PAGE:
After eight weeks of pandemic-induced shutdown in the spring, automakers started reopening factories earlier than they had envisioned. But then they were hit with unexpected news: chip makers weren’t able to flip a switch quickly and make the types of processors needed for cars.

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How are automakers dealing with the shortage?

They’ve cancelled shifts and temporarily closed factories. Ford, General Motors, Fiat Chrysler (now Stellantis), Volkswagen and Honda seem to have been hit the hardest. Others, most notably Toyota, aren’t being affected as dramatically. That is probably because Toyota was better prepared after learning how sudden, unexpected shocks can disrupt supply chains from the massive earthquake and tsunami that hit Japan in 2011, said Bank of America Securities analyst Vivek Arya.

The harder hit automakers have diverted chips from slower-selling models to those in high demand, such as pickup trucks and large SUVs. Ford, GM and Stellantis have started building vehicles without some computers, putting them in storage with plans to retrofit them later.

GM expects the chip shortage to cost it up to $2 billion in pretax profits this year from lost production and sales. Ford is bracing for a similar blow. Chip makers probably won’t fully catch up with auto-industry demand until July at the earliest.

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How will this affect people who want to buy a new car?

Expect to pay more. Supplies of many models were tight even before the chip shortage because automakers were having trouble making up for production lost to the pandemic.

IHS Markit estimates that from January through March, the chip shortage reduced North American auto production by about 100,000 vehicles. In January of last year, before the pandemic, the U.S. auto industry had enough vehicles to supply 77 days of demand. By February of 2021 it was down almost 30% to 55 days.

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Will other popular products be affected this year?

Samsung Electronics, one of the world’s biggest chipmakers, recently warned that its vast line-up of consumer electronics could be affected by the shortage. Without specifying which products might be affected, Samsung co-CEO Koh Dong-jin told shareholders that a “serious imbalance” between the supply and demand for chips could hurt sales from April through June.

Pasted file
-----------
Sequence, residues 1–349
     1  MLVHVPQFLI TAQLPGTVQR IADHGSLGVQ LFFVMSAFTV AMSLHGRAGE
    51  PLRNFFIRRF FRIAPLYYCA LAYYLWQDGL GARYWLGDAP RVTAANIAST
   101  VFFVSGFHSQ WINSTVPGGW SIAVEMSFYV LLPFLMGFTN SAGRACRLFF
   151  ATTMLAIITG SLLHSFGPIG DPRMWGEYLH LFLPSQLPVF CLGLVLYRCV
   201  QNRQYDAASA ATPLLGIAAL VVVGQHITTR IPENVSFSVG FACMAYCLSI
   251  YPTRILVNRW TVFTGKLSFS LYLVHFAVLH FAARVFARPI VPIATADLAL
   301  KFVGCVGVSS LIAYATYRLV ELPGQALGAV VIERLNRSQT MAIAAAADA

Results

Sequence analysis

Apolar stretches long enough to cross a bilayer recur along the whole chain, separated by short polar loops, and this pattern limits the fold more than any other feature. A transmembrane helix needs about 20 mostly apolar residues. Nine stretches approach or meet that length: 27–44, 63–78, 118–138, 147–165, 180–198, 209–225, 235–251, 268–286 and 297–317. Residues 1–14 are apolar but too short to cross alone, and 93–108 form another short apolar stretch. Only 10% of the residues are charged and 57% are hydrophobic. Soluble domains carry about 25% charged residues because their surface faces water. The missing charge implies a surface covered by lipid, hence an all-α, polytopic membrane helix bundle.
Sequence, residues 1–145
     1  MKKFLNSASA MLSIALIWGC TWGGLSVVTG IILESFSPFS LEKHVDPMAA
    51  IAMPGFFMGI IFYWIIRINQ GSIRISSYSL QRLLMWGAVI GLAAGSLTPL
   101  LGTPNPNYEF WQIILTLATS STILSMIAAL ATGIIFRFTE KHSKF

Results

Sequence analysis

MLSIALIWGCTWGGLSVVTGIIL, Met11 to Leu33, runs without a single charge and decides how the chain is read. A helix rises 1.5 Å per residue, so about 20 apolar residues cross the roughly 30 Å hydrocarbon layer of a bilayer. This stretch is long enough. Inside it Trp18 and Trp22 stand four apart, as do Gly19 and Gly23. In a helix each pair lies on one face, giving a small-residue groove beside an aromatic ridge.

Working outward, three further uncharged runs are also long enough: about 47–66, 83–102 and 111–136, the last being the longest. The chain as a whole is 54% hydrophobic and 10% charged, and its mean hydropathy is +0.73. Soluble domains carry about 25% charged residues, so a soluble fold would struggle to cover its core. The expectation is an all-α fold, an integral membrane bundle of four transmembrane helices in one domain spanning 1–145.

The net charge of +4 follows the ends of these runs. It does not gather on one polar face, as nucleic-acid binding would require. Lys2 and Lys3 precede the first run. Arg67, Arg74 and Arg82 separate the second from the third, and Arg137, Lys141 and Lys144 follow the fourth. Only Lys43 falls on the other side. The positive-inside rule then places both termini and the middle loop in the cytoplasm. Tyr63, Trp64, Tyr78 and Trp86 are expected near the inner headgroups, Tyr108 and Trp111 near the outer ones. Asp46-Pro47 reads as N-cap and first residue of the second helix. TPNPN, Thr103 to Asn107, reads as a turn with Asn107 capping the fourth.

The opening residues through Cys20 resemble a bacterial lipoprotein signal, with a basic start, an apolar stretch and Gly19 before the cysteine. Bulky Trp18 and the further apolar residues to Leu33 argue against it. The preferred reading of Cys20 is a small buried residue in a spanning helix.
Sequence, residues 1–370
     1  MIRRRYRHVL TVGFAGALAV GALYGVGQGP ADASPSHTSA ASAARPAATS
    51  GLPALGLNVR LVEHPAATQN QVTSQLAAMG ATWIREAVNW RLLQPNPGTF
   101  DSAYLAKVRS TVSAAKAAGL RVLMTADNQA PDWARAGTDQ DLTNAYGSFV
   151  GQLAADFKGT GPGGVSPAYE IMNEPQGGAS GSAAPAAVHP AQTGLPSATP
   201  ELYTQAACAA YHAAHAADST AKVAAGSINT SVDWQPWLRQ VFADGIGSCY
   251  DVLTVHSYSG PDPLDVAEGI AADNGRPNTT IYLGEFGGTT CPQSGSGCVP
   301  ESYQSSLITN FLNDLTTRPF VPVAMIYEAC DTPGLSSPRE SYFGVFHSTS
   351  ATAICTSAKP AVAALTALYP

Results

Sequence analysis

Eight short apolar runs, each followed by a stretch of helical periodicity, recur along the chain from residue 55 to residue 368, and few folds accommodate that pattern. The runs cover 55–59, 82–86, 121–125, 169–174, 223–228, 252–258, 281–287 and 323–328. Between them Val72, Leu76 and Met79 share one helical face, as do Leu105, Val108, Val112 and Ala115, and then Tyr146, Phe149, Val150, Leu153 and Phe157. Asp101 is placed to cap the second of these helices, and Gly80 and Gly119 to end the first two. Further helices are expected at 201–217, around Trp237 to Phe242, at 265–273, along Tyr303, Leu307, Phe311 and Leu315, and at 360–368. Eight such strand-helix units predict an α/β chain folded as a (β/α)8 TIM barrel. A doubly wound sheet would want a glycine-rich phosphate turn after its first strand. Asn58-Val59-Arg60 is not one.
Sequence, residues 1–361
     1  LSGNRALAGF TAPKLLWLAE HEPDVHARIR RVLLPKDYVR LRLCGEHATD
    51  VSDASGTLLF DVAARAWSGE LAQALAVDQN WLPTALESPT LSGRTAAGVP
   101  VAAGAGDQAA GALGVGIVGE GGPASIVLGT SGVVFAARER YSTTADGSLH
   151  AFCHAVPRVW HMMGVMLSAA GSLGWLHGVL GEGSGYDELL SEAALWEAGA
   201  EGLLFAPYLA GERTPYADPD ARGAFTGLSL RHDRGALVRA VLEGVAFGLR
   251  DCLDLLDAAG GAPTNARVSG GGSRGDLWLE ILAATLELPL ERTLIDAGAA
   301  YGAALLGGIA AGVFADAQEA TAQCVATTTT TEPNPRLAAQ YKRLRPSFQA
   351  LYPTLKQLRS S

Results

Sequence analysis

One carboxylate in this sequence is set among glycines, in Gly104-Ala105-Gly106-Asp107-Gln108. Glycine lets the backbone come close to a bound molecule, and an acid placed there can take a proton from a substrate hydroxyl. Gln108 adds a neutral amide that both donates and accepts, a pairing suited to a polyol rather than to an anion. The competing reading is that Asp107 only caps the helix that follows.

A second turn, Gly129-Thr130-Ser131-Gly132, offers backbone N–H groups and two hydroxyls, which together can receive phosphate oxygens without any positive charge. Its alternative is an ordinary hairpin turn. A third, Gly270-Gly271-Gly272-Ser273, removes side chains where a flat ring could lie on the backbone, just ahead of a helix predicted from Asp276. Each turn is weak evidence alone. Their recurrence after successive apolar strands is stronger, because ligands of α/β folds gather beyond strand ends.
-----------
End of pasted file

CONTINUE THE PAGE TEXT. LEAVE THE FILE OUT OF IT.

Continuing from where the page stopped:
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What’s going to prevent this from happening again?

There are no quick fixes, but chipmakers appear to be be gearing up to meet future challenges.

Intel, which for decades has dominated the market for PC chips, recently made waves by announcing plans to invest $20 billion in two new factories in Arizona. Even more significant, Intel revealed said it is starting a new division that will enter into contracts to make chips tailored for other firms in addition to its own processors. That’s a major departure for Intel, aligning it more closely with a model popularized by TaiwanSemiconductorManufacturing Co., or TSMC, which already had been building a plant in Arizona, too.

Compelled by the current shortage, TSMC also has committed to spending $100 billion during the next three years to expand its worldwide chip manufacturing capacity. About $28 billion of that investment will come this year to boost production at factories that have been unable to keep up with the surge in demand since the pandemic began, according to TSMC Chief Executive Officer C.C. Wei.

And President Joe Biden’s $2 trillion plan to improve U.S. infrastructure includes an estimated $50 billion to help make the the country less reliant on chips made overseas. The U.S. share of the worldwide chip manufacturing market has declined from 37% in 1990 to 12% today, according toSemiconductorIndustry Association, a trade group.

But chips won’t start coming out of any new factories built as part of the spending splurge for two to three years. And even as existing factories ramp up and expand to meet current demand, some analysts wonder if there might be a glut of processors a year from now.

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Krisher reported from Detroit.